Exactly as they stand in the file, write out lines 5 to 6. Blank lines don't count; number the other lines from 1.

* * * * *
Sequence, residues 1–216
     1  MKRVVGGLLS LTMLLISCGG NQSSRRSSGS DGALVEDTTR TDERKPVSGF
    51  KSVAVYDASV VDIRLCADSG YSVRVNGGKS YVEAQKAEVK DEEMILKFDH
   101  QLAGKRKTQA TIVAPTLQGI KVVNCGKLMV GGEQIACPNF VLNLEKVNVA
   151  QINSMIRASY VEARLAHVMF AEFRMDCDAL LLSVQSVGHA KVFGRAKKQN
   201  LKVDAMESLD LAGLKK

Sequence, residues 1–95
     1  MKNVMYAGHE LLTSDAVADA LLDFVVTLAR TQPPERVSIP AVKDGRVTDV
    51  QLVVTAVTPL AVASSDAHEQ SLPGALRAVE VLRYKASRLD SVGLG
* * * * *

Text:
   151  QINSMIRASY VEARLAHVMF AEFRMDCDAL LLSVQSVGHA KVFGRAKKQN
   201  LKVDAMESLD LAGLKK